There is a tourist information center at the square and they open daily from 10am to 7pm. We were still too early for business. The lack of tourists was an eye-opener. We both felt like we were the only ones up and about around Montmartre besides the locals.

Montmartre Guide

“Let’s follow along Rue Norvins,” I said. “There is a nice view that we need to take, according to the guidebook.”

“Where?”, my trigger-happy wife was already looking around for the killer shot. She has been happily snapping away with her digital camera throughout this trip, maybe I will get her to write a review of her camera (technically mine).

View of the Basilica from the Boulangerie (click to enlarge)

At the junction of Rue Norvins and Rue des Saules, turn back and take a photo of the boulangerie (bakery). In case you want to scream originality, you would have to go back to the 1900s, to find a similar painting by Maurice Utrillo.

Continue down Rue des Saules to find Rue Cortot on your right, this is where the Montmartre Museum is located. We decided that we have had enough of museums, so we gave it a skip too. Our main aim for Montmartre is to see a few unusual stuffs, leftovers of a different era. And one of them is coming right up.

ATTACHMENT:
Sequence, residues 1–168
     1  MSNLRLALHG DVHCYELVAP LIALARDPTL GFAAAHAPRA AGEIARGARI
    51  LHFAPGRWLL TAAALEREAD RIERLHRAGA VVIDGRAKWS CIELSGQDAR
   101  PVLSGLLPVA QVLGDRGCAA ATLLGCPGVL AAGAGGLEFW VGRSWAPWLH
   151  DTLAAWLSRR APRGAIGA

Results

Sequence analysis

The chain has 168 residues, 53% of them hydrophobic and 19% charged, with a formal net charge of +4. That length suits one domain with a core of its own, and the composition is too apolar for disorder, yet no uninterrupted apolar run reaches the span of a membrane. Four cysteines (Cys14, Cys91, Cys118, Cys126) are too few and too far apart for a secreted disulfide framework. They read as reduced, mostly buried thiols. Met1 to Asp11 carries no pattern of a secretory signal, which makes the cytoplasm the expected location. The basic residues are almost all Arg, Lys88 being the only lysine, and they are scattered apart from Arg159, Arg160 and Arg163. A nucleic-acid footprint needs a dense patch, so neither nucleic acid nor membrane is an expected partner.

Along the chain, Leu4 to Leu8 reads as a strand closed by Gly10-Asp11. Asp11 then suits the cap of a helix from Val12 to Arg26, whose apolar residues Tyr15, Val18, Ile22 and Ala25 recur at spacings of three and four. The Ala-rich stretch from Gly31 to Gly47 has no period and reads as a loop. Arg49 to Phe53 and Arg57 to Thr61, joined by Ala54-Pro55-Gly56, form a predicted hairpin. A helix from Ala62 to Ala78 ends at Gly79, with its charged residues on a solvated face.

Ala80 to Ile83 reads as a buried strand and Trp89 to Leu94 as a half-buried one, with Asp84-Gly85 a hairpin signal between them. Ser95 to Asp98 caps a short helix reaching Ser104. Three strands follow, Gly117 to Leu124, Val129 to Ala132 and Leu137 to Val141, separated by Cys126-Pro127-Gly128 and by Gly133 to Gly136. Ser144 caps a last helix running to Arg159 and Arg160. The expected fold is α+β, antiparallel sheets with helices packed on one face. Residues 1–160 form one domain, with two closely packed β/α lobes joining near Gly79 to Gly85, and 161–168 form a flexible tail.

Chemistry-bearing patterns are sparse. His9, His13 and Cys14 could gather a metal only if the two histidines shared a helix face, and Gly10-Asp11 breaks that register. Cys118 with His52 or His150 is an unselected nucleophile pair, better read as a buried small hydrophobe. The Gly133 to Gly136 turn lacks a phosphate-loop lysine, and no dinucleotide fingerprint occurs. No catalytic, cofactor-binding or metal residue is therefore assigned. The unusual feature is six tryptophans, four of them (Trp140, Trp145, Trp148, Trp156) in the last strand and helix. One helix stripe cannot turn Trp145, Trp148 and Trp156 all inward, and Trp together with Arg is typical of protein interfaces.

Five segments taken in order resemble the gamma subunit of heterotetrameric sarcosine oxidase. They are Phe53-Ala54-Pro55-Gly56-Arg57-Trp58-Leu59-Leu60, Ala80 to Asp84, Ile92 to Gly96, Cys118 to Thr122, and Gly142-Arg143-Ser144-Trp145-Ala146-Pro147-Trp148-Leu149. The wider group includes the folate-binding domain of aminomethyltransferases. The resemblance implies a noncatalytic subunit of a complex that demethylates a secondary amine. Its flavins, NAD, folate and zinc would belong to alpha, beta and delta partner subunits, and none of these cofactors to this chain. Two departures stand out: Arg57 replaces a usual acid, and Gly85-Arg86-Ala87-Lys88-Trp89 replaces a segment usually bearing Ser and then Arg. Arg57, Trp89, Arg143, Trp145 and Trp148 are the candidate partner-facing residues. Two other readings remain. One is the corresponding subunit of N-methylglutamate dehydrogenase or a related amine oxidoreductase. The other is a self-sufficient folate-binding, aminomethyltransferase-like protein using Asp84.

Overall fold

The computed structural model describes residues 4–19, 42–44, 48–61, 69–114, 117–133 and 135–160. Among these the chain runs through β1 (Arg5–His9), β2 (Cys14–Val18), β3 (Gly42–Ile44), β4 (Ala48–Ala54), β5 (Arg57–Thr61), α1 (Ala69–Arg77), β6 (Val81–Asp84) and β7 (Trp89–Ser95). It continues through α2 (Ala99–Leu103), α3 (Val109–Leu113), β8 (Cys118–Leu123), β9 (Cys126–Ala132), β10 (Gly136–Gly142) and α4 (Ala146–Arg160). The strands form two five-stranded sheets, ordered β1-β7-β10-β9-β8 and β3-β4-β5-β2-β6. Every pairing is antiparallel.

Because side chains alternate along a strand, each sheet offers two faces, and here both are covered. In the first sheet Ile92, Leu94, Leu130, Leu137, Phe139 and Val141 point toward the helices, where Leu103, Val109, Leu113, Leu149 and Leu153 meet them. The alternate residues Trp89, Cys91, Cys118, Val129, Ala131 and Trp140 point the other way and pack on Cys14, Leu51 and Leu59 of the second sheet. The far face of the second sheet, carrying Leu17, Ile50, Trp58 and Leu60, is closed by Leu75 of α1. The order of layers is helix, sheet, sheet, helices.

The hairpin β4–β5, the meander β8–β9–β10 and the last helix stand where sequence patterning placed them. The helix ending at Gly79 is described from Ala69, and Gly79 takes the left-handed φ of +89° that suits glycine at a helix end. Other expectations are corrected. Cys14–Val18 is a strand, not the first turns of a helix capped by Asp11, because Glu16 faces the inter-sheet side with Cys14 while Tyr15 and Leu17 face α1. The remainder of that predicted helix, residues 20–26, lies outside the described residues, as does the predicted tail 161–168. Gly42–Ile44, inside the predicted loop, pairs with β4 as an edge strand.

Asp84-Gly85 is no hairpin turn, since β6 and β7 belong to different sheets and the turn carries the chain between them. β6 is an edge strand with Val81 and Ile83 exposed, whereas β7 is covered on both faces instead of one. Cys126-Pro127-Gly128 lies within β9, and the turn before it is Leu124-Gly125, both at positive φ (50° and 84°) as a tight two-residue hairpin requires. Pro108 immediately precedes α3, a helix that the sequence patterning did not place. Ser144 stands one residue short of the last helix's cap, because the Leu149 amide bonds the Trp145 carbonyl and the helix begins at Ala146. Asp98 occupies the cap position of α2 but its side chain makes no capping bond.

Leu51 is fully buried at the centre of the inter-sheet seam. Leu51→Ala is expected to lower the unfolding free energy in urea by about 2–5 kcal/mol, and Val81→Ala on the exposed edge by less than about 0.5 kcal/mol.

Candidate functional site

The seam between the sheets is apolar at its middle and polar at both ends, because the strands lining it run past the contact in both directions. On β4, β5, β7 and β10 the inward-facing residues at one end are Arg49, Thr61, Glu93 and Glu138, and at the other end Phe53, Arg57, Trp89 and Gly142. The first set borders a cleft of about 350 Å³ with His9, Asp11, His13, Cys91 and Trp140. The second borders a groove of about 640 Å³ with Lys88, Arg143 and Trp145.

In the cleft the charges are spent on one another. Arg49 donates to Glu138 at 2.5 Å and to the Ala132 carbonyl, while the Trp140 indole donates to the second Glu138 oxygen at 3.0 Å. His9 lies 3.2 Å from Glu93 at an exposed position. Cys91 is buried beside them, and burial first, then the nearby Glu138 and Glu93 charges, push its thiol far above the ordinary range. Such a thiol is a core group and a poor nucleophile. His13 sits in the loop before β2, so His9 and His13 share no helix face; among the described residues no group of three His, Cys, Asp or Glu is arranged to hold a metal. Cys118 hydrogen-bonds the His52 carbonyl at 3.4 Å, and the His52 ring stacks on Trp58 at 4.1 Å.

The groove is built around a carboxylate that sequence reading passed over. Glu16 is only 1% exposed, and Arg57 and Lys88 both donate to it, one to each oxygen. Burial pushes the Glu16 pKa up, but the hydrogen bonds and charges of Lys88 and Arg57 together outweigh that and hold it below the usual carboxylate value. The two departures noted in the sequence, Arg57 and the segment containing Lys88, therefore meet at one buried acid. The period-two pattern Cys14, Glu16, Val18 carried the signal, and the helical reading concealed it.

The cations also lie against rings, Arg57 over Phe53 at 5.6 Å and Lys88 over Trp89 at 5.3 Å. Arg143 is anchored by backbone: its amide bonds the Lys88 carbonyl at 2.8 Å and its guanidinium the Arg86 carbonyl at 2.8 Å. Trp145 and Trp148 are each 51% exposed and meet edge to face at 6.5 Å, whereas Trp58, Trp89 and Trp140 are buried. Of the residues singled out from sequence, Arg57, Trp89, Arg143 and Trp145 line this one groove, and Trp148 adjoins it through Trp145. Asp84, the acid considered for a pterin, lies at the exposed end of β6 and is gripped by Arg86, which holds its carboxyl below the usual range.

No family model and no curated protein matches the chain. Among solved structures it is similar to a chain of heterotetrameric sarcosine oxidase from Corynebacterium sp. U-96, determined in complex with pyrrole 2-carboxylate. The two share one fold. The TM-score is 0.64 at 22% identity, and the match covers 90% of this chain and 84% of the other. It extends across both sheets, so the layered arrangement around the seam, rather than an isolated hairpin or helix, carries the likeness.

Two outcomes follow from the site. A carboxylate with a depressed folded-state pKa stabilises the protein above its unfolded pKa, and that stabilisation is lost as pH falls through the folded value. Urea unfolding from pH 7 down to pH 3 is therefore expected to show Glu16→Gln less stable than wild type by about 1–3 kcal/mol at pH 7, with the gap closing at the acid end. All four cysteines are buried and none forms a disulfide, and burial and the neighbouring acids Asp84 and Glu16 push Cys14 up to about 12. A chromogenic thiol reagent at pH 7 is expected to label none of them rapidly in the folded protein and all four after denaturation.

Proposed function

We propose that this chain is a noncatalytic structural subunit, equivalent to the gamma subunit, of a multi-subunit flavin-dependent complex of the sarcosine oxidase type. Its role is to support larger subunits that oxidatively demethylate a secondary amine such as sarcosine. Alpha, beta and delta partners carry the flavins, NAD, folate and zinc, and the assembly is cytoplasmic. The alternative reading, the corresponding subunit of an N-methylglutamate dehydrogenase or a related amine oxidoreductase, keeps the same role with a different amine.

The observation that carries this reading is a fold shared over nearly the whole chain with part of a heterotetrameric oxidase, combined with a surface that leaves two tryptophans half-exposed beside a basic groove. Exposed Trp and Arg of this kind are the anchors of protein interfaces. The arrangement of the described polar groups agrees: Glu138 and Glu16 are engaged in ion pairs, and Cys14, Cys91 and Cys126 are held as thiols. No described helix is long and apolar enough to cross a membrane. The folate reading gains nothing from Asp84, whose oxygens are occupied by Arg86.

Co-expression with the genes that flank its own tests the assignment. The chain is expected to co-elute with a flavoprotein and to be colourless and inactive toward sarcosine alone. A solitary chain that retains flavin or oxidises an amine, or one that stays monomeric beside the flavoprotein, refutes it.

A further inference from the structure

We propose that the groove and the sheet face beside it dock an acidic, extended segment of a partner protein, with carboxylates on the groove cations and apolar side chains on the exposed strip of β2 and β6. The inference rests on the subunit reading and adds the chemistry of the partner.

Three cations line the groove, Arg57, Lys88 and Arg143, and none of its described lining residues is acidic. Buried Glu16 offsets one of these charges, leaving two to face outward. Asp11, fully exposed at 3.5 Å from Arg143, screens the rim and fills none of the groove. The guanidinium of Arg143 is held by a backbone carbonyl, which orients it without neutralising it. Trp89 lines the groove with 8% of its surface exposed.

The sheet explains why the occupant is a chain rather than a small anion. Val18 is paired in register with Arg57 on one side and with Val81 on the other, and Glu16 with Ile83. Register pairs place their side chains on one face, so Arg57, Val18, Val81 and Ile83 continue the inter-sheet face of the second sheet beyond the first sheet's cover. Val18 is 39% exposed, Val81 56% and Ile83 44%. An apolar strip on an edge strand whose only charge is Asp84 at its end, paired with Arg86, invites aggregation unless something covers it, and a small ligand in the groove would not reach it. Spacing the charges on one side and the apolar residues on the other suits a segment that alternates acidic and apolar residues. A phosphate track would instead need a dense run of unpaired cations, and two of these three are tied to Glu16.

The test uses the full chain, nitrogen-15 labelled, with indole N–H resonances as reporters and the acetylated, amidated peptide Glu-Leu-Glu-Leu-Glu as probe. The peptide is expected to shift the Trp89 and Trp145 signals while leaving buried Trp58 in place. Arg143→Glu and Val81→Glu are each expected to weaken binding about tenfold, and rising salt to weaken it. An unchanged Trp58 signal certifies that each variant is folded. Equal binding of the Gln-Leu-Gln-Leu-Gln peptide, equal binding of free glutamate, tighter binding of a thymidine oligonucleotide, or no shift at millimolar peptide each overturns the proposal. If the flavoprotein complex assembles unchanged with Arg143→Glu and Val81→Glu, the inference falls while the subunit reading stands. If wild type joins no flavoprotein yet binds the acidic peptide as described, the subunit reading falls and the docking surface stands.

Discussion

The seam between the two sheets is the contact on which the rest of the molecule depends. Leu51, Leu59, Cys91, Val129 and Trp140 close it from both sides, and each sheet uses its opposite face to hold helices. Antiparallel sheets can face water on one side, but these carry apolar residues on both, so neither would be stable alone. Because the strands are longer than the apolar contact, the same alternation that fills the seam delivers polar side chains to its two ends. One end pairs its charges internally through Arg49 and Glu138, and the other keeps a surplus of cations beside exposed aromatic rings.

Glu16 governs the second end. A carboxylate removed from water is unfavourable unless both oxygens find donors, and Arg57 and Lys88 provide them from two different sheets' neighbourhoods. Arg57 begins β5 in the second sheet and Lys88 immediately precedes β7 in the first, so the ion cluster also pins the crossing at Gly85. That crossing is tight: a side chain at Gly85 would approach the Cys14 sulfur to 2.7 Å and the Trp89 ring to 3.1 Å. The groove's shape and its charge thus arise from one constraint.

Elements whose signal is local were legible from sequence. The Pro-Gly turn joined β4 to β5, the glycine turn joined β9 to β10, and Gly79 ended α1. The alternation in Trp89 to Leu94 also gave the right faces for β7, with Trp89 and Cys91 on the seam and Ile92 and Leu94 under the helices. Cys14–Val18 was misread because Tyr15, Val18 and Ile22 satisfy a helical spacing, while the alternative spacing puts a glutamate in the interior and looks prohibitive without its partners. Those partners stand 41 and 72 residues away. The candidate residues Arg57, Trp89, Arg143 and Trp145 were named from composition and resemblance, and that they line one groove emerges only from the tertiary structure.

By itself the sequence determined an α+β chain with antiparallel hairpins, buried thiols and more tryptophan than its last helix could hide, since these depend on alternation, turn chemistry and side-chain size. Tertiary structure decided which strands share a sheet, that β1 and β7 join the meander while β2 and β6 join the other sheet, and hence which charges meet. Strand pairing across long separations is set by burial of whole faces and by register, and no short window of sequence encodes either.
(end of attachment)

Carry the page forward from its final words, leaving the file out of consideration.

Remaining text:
Our main aim for Montmartre is to see a few unusual stuffs

At the end of Rue des Saules, you will find the Au Lapin Agile Cabaret. A bit of French would have helped but so does the poster on the front door. Yes, you have guessed it — it is the Agile Rabbit. This is where Picasso, Renoir and Utrillo would gather for ‘performances’.

Au Lapin Agile (click to enlarge)

The wife was grumbling when we had to walk back the way we came from. Turn right after La Maison Rose. This restaurant was made famous by another Utrillo painting but reviews online proved that the food isn’t. Walking along Rue de l’Abreuvoir, you will find the busty bust of Dalida. Pranksters and itchy hands over the years have given her bust a bit of a shine.

I dare you to touch Dalida’s boobs in front of family

Dare: I dare you to touch them in front of your wife/girlfriend/family.

Find the small walkway towards a small park called Square Suzanne Buisson. “Do you still recall the story about St. Denis that I told you yesterday?” I asked the wife.

“You mean the one carrying his own head?”

“Yes, that’s the one. Guess what, this is where they chopped it off and he managed to walk all the way to Notre-Dame, without using the Métro.” I replied.

“Incredible.”

I am not sure who was having the last laugh when they put St. Denis’s hand-cradling-head statue right in front of the lawn bowl court. Nasty.

Exit at the top of the park into Avenue Junot, which turns into Rue Norvins. In case you were wondering, starting from Place du Tertre, we have been walking uphill and downhill all this while. “Makes me want to walk through walls to get somewhere!” the wife exclaimed. OK, she did not say that, I just wanted the effect because of the next ‘weird’ thing that we are about to see, along Rue Norvins.